I write with a fountain pen. An Esterbrook plunger model. Not just because it’s eco, or because Patricia Highsmith favored Esterbrooks, or because I’m a luddite contrarian, although all these things are true. I use it because it feels good in my hand and the ink goes from dark to peacock blue as it dries and because every time I have to refill it–lift it off the page, dip it in the ink bottle, pull the plunger down, release the plunger, lift it out, tap it on the bottle lip–my head fills up with the next bunch of words I’m going to write and so I always feel like my hand is racing to keep up with my head and not the reverse.
I went to see Side by Side Sunday afternoon, a documentary about digital movies versus the photo-chemical kind, and it made me think of the fountain pen, as well as fundamentalists, a book I once read called Shock of the Old, and how watching the film was like seeing my professional life (such as it is or perhaps was) flash before my eyes.
First there were moviolas, rewinds, split reels, splicers; then huge tapes being pushed into the decks of linear editing machines; then Avid (and the Media 100, Premiere, and Final Cut, although those don’t get mentioned). Obsolete formats I can’t watch anymore? Check. Michael Goi says 80 video formats have been developed since video’s inception; I have material on SVHS, Umatic, Hi8, beta, digibeta, dvcam, and dvcpro. I have sat with a color timer discussing how the release print should look and I have changed the color of skin and sky on my computer. And it was hard not to think of projection, sitting in the theatre where I once worked as a projectionist, and remembering the difference between pushing a button on the deck and threading the projector. And sitting in the front row, seeing the sawtooth edges of pixels when interview subjects shrugged their shoulders.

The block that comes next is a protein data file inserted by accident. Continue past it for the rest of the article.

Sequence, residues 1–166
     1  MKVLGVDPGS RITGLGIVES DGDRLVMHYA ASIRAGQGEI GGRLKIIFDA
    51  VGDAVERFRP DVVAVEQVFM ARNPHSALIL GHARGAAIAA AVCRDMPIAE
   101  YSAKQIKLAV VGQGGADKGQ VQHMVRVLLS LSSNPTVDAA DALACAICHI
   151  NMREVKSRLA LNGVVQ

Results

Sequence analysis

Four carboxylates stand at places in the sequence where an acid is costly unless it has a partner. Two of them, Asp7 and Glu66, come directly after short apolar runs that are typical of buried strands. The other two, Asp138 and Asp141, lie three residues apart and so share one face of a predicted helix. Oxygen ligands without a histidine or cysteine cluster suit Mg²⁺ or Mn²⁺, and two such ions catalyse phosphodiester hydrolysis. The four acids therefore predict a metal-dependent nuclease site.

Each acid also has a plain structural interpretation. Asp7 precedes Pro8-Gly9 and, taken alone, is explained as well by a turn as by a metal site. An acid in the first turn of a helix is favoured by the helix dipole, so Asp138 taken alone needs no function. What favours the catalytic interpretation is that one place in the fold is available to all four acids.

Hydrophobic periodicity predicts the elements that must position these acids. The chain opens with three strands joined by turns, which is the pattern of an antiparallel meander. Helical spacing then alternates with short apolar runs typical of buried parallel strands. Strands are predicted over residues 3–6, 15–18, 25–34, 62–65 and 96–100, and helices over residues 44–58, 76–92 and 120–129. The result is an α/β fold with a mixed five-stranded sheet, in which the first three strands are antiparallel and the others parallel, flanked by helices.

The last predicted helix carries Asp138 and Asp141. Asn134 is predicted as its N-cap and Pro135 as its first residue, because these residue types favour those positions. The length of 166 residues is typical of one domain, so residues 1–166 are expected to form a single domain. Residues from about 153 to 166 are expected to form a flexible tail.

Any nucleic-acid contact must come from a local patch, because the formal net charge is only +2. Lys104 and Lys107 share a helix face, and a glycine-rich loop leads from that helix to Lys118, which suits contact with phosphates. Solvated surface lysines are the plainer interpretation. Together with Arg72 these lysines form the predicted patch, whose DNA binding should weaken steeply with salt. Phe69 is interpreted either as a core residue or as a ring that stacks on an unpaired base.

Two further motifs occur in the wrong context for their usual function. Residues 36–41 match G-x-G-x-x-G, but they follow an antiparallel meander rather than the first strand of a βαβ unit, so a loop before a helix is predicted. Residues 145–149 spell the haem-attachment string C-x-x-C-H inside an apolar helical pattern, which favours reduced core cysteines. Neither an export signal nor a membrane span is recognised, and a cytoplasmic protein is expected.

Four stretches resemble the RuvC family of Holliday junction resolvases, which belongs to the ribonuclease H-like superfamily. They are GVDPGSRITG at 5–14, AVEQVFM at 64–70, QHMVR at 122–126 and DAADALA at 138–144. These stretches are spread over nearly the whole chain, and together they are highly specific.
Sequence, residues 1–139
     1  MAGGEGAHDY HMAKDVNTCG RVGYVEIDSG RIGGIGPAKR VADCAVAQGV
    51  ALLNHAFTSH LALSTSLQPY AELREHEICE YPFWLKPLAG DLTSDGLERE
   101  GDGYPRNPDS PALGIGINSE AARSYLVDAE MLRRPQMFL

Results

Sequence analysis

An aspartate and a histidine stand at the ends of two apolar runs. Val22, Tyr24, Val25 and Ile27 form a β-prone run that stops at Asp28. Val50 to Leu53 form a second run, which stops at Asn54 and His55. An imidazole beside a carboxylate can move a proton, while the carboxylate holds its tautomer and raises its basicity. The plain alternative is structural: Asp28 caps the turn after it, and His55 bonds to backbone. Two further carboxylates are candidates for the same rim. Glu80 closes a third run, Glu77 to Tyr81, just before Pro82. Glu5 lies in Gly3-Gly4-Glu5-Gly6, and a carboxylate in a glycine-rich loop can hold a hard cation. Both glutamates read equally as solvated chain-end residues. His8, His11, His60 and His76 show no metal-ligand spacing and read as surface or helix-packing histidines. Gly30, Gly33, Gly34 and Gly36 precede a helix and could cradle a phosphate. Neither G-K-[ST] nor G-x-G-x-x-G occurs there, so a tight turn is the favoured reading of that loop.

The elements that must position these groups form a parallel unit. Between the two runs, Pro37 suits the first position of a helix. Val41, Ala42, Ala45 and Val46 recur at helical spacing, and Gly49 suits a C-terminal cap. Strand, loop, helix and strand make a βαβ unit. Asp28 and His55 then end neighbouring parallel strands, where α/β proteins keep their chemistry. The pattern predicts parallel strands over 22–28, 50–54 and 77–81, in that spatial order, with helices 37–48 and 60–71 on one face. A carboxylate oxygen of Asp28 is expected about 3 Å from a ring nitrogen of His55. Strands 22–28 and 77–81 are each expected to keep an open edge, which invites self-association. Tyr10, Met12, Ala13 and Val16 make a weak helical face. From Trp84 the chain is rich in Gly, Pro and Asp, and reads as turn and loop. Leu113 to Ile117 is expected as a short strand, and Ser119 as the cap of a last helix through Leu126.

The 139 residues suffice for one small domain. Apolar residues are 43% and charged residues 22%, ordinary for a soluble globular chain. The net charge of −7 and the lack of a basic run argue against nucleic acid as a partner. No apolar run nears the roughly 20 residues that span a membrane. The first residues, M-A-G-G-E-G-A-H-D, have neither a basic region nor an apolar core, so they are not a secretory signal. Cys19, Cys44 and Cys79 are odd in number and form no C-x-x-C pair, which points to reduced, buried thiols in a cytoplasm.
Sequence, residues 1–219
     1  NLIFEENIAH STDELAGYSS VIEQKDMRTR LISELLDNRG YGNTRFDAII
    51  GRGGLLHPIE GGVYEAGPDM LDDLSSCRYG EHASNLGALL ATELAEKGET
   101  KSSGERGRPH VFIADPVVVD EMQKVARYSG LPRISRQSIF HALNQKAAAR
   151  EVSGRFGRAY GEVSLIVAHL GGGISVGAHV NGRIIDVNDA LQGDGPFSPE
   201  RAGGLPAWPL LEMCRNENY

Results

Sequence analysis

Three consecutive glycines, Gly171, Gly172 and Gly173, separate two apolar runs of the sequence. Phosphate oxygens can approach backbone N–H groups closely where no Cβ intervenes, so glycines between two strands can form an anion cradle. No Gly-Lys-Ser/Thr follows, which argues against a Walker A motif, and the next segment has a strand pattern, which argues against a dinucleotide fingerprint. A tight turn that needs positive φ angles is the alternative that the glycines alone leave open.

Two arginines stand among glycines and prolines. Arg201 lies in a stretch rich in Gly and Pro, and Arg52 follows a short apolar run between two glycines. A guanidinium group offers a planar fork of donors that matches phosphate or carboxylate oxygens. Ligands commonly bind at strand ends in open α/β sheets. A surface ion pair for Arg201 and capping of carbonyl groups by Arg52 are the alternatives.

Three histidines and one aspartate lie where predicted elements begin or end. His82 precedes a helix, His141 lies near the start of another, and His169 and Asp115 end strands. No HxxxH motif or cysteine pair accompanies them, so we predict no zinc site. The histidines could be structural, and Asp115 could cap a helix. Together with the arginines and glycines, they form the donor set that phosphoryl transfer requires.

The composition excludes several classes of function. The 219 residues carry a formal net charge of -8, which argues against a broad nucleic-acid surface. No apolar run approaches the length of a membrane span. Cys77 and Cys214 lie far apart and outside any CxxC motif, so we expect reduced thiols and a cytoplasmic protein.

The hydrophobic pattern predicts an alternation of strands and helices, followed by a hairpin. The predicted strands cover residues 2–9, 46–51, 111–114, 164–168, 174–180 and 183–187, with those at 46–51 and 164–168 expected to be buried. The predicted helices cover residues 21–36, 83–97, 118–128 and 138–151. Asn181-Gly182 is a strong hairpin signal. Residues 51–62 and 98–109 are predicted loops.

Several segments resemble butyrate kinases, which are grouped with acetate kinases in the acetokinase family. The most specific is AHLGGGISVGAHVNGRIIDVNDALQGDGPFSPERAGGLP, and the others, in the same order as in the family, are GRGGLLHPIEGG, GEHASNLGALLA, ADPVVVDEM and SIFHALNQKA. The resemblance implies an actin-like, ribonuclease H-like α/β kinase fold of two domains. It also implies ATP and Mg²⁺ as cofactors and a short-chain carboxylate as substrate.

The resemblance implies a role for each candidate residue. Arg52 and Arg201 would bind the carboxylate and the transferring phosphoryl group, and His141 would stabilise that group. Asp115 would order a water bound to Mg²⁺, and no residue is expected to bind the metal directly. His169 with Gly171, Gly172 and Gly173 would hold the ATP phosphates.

The filmmakers interviewed in the doc might be divided between pro-digital people and doubters, although there was some overlap. The pro-digital people might further be divided into the zealots–those who think, like the fundamentalist christians, that there is one way to salvation and it is through Jesus, only they substitute digital video for Jesus–and the experimenters. The zealots believe that everything is better with digital–there are no downsides. The future is sunny, change is progress, and all problems will be solved very soon. They use words like “power,” “control,” “manipulate”–“manipulate to death” someone says about color correction. They believe that digital film let’s you “do anything” and control everything. Basically, they want to be god, and they believe digital video will lift them to Mount Olympus. They are the control freaks, the neatniks (Soderburgh complains about the dirt and mess of film projection), paranoid men, who dislike sharing their power with anyone else. I used to think that no one could have a bigger ego than James Cameron, but that was before I saw the interview with George Lucas. George Lucas doesn’t want to entertain audiences; he wants to subjugate them to his vision of the universe.
The experimenters were easier to swallow (although Danny Boyle apparently belongs to that culture that takes its aged and when they can no longer chew, puts them out on mountain tops to die. If you don’t want to jump on the digital bandwagon, he says in essence, let the vultures pick out your eyes and the sun bleach your bones). People like Bradford Young (who made Pariah so beautiful) may someday reconcile me to the decline of celluloid. They talk less about power and more about possibility–the shots they couldn’t get before, the films that became affordable.
But my heart is with the doubters. Anne Coates (Yes! Finally a woman!) and her story about the planned dissolve in Lawrence of Arabia turning into a straight cut. Robert Downey Junior protesting with mason jars of piss; the cinematographer who likes the feel of film. They talk about accidents, discoveries, leaps of faith, rhythm. They talk about pauses–the pause when you change the film magazine, the pause when you rewind the film to your edit mark.
Which brings me back to pens. One of the things I hated most about editing for money was the constant pressure to be fast, the unarticulated assumption that pausing to breathe and think was unproductive, and that anything that made working faster possible was in and of itself good. But creativity, it turns out, is not a prize won by speed. Ideas may occasionally race through my head, and my hand may occasionally race across the page, but that is the systole to the diastolic moments of doing nothing.
Someone in the film says “there will always be stories and storytelling.” Duh! That’s not what I’m worried about. It’s whether I’ll be able to breathe while telling them.